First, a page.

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Cold winter was hard on Alberta’s mountain pine beetles


July 12, 2010
By Pulp & Paper Canada

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Cold temperatures last winter and extreme temperature fluctuations this spring combined to cause significant m…

Cold temperatures last winter and extreme temperature fluctuations this spring combined to cause significant mortality to mountain pine beetles infesting trees in Alberta. Mortality surveys completed by the Government of Alberta show beetles had low survival throughout areas of the province where trees are infested, with the exception of some hot spots in northwest Alberta.
“At the same time, the cold weather did not completely eliminate the beetles and there is still the threat of additional in-flights from British Columbia,” says Alberta Sustainable Resource Development Minister Mel Knight.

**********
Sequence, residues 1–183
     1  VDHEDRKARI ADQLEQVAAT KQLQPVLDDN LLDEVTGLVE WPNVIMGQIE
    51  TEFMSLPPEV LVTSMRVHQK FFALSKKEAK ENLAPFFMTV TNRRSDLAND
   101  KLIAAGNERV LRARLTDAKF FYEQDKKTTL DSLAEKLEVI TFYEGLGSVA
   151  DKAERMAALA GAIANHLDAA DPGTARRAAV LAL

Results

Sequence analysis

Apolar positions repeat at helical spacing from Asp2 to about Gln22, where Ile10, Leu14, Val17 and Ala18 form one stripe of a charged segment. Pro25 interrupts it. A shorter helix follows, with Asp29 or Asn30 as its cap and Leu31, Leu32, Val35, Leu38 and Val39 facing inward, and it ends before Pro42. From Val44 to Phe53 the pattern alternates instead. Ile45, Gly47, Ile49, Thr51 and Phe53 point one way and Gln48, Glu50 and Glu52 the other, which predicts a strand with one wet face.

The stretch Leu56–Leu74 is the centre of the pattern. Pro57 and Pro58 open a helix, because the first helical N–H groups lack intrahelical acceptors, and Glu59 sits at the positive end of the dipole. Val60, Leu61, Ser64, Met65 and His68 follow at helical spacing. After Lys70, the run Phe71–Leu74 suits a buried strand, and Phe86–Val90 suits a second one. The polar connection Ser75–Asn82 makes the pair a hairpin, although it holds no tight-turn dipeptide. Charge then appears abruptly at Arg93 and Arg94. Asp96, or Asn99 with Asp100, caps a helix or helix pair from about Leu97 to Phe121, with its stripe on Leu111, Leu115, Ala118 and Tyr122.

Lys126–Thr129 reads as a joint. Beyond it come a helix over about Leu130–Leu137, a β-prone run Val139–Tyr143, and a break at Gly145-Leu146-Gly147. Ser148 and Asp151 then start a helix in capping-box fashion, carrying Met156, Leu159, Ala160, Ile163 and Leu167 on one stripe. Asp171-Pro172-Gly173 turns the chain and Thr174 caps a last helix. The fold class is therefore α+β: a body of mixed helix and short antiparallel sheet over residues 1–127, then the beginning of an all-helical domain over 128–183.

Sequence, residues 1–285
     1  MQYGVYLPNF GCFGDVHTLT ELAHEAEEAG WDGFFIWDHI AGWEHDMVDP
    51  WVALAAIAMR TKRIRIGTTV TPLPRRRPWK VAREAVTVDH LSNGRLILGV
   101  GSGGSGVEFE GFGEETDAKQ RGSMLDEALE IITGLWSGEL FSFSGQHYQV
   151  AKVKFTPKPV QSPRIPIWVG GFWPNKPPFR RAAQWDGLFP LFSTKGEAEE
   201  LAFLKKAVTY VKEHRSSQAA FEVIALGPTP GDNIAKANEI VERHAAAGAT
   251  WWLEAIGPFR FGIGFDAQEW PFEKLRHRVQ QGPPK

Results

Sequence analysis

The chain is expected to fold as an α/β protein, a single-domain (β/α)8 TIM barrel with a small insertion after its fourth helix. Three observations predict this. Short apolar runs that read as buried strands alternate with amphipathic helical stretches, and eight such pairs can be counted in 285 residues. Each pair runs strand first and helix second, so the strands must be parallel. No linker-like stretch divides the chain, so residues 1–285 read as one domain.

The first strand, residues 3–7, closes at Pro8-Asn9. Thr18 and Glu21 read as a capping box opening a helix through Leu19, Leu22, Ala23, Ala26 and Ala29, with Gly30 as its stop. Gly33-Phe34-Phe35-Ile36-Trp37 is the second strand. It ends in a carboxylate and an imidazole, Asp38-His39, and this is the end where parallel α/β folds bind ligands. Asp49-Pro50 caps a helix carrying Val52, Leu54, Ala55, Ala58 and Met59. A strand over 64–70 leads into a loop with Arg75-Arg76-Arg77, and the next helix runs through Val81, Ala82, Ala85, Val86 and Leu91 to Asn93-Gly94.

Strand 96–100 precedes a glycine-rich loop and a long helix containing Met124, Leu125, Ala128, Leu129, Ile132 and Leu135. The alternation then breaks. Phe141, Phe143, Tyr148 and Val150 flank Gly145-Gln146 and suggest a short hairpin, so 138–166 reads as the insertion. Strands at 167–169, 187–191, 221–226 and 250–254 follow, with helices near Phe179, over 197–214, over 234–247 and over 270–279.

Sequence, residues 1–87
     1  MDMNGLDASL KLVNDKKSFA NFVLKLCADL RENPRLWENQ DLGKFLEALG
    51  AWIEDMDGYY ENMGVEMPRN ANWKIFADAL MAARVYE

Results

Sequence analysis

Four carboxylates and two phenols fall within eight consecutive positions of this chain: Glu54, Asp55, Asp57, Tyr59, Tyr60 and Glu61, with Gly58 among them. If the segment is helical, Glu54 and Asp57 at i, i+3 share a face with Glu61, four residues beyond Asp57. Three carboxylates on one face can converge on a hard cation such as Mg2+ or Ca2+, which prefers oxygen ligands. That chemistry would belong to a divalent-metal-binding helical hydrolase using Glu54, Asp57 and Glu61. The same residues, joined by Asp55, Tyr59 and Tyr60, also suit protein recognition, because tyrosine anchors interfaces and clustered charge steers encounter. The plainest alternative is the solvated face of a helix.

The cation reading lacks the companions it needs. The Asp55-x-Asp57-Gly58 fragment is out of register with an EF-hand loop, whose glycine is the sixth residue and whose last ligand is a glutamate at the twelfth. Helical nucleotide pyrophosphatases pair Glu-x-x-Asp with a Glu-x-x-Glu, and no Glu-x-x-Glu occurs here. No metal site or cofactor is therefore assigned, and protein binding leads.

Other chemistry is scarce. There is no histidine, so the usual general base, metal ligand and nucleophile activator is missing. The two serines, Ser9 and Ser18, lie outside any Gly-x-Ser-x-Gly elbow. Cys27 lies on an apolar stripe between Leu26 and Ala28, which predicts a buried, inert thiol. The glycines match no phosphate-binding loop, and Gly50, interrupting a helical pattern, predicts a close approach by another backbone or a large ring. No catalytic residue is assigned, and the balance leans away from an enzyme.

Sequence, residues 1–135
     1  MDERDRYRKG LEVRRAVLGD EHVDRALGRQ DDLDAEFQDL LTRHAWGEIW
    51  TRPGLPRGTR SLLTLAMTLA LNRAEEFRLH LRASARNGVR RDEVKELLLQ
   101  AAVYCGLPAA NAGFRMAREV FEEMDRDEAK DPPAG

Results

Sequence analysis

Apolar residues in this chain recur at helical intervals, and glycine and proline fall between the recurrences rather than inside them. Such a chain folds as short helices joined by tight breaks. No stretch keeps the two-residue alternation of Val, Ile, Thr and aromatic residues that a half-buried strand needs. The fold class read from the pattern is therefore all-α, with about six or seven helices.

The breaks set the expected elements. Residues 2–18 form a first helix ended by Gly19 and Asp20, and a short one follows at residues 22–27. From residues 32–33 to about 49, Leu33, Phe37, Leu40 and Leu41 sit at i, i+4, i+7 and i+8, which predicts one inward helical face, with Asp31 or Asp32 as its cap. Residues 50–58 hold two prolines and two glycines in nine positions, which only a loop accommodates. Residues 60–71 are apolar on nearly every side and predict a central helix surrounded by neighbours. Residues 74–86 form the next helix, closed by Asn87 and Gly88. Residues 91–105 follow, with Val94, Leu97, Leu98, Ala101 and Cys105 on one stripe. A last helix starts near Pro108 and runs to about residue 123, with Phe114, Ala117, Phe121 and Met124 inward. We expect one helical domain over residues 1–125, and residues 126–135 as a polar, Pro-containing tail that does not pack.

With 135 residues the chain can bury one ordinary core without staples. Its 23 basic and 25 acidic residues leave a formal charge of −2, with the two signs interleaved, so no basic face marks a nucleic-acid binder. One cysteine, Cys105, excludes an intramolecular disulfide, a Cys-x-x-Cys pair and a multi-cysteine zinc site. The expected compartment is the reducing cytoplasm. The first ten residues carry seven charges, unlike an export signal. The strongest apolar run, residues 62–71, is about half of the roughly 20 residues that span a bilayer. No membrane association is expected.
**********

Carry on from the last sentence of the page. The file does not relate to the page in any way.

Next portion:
As well, the Minister explained, the trees the beetles infested before dying are also dead and work must be done to allow regeneration of new forests to replace those lost to attacks.
As a result, the Alberta government is continuing its action plan to minimize the spread of infestations by a variety of methods, including single-tree removals, stand-level harvest and controlled fires.
Considering the 2010 over-winter mortality surveys and the risk of in-flight from B.C. this summer, the government has determined the following areas are a high priority for beetle control: Whitecourt/Slave Lake, Grande Prairie, Banff/Canmore/Kananaskis, Oldman River/Crowsnest Pass.
The Alberta government’s objectives are to minimize the spread of beetles north and south along the Eastern Slopes and to prevent beetles from spreading east in the boreal forest.